Targeted Therapy for Lung Cancer

myTomorrows Team 4 Oct 2022

8 mins read

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Patients with non-small cell lung cancer (NSCLC) may benefit from targeted therapy which inhibits malfunctioning genes and proteins that drive cancer growth. Targeted therapy attacks cancer cells that have certain biomarkers and usually do not damage healthy cells, unlike chemotherapy or radiation therapy.

Patients with non-small cell lung cancer (NSCLC) may benefit from targeted therapy, which targets malfunctioning proteins on the surface or inside of their cancer cells. Cancer cells gain the ability to grow and spread uncontrollably by acquiring mutations in genes. Each gene encodes, or is a set of instructions for, a protein. Gene mutations that drive cells to become cancerous usually impair proteins that function to control cell growth, cell movement, and cell survival. Targeted drug therapies are available to target impaired proteins in lung cancer.

Patients with NSCLC may be recommended targeted therapy when their cancer cannot be removed with surgery due to spreading to the lymph nodes, when their cancer recurs after or does not respond to chemotherapy, or when it has metastasized to other parts of the body. At the time of writing, there are no targeted therapies available for small-cell lung cancer.

Targeted therapies mainly target driver mutations, which are mutations that transform a normal cell into a cancer cell. Cancer cells need the driver mutation to survive and grow. Driver mutations that can be matched to appropriate targeted therapies are identified through biomarker testing or genotyping of tumor samples. Identification of driver mutations and the use of appropriate targeted therapies have been shown to extend survival in lung cancer patients.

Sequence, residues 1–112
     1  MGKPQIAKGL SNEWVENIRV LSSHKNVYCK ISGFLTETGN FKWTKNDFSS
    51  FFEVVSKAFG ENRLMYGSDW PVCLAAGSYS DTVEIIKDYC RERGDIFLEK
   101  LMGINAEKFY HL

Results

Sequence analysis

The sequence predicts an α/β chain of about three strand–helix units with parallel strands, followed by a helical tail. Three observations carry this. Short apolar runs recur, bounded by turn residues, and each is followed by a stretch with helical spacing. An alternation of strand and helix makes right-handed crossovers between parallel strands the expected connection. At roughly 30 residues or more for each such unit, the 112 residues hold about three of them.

Cancer cells are prone to developing mutations and not all mutations are driver mutations. As opposed to driver mutations, passenger mutations are less essential to cancer growth and survival. Some passenger mutations can be targeted by drugs.

The College of American Pathologists, the International Association for the Study of Lung Cancer, and the Association of Molecular Pathologists recommend that patients with adenocarcinoma histology or who have light- or never-smoking history have testing for mutations in epidermal growth factor receptor (EGFR) and anaplastic lymphoma kinase (ALK) genes. Rapid and sensitive tests are available to test these genes for common mutations that are targetable by drugs.

Approximately 15 percent of NSCLC adenocarcinomas in the US have mutations in EGFR. The incidence of EGFR mutation is 62 percent in Asian populations. Mutations involving ALK are found in about 4 percent of NSCLC adenocarcinomas in the US. Targeted therapy is the recommended first line of treatment for NSCLC patients who have mutations in EGFR or ALK.

Targeted therapies are also available for NSCLC tumors that have mutations involving the genes ROS1, KRAS, BRAF, NTRK, NRG1, MET, RET, and HER2. Mutations in these genes cause the proteins they encode to malfunction in their role as a cell growth signal, resulting in too much cell growth. Targeted therapies have been developed to block or inhibit the activity of these malfunctioning proteins to bring cell growth back under control. FDA-approved first-line treatments for NSCLC are targeted against ROS1, BRAF, MET, RET, and NTRK mutations.

EGFR-positive NSCLC